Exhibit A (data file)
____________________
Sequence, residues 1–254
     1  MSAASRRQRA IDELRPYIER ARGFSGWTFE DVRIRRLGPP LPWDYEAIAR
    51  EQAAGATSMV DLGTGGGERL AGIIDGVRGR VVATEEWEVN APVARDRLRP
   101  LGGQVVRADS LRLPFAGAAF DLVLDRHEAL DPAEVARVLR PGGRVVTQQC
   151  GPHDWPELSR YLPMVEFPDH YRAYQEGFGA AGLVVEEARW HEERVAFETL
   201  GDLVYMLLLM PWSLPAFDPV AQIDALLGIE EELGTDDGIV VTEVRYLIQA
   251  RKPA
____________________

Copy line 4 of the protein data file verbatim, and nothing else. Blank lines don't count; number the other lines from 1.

   101  LGGQVVRADS LRLPFAGAAF DLVLDRHEAL DPAEVARVLR PGGRVVTQQC